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The truth, of course, lies somewhere between pessimism and optimism. But to which is it closer? That will take some digestion. But my instinct is that the „Germany for optimists“ is the more accurate. The election result is unsettling on several fronts, deeply so where the AfD is concerned. But much of Germany’s pre-election tranquility was illusory anyway. The anger had been building for years; the AfD’s success has just brought it to the surface, where perhaps it can even be understood and addressed. Questions that were going unanswered, tensions that were going unconfronted, now brook no oversight. Den Rest des Beitrags lesen »

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The teaching of economics gets an overdue overhaul

Posted by hkarner - 23. September 2017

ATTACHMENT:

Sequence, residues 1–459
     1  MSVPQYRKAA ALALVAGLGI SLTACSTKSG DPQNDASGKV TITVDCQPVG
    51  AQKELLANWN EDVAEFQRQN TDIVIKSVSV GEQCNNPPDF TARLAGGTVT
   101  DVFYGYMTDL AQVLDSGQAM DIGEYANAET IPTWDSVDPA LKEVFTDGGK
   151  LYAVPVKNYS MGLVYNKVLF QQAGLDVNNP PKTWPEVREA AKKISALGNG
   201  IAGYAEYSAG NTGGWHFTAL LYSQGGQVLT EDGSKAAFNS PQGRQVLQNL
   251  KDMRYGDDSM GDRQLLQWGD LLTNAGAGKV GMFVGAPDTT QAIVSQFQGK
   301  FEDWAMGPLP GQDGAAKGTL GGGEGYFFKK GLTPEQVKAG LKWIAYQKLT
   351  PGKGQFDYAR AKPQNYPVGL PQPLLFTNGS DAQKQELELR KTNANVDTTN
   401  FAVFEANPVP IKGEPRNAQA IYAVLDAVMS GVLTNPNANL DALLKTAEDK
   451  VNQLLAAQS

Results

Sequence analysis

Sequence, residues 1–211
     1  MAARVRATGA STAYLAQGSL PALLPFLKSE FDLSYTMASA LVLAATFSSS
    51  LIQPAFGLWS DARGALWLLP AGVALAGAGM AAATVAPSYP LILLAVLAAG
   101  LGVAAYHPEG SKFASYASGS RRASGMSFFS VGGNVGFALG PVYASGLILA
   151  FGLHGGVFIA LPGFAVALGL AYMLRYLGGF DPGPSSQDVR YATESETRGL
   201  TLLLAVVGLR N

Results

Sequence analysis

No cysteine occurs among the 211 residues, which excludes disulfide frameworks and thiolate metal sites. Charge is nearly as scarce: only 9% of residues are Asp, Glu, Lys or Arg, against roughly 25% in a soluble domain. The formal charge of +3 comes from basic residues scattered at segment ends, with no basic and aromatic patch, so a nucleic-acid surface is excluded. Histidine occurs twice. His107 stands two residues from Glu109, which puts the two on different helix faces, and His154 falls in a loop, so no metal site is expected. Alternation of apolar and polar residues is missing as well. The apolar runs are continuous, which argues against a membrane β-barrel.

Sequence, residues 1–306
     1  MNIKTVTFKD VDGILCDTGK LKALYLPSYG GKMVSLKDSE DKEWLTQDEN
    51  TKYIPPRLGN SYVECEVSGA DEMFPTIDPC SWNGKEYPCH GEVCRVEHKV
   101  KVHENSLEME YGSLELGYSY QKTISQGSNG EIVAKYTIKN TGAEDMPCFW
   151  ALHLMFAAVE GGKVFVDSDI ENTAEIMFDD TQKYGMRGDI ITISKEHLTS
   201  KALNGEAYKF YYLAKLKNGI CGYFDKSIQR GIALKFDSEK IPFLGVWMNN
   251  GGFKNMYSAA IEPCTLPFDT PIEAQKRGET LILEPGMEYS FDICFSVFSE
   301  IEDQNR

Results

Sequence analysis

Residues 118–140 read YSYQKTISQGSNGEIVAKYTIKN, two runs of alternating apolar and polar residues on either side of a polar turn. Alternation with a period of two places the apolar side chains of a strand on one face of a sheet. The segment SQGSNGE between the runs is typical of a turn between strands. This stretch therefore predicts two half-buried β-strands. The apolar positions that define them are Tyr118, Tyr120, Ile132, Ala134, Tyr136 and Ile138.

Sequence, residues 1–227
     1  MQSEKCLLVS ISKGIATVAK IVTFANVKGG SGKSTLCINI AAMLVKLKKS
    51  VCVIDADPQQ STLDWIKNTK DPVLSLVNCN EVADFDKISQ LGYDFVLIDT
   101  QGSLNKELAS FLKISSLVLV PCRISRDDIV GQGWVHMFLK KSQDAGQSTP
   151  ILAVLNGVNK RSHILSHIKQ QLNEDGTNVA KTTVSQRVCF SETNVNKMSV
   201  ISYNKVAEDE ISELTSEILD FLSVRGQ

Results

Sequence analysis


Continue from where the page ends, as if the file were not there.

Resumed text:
Date: 21-09-2017
Source: The Economist: Free exchange

Students are forced to grapple with the real world from the very beginning of their courses

ECONOMISTS can be a haughty bunch. But a decade of trauma has had a chastening effect. They are rethinking old ideas, asking new questions and occasionally welcoming heretics back into the fold. Change, however, has been slow to reach the university economics curriculum. Many institutions still pump students through introductory courses untainted by recent economic history or the market shortcomings it illuminates. A few plucky reformers are working to correct that: a grand and overdue idea. Overhauling the way economics is taught ought to produce students more able to understand the modern world. Even better, it should improve economics itself. Den Rest des Beitrags lesen »

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Bitcoin is fiat money, too

Posted by hkarner - 23. September 2017

Date: 22-09-2017
Source: The Economist: Free exchange

What Charles Kindleberger has to say about cryptocurrencies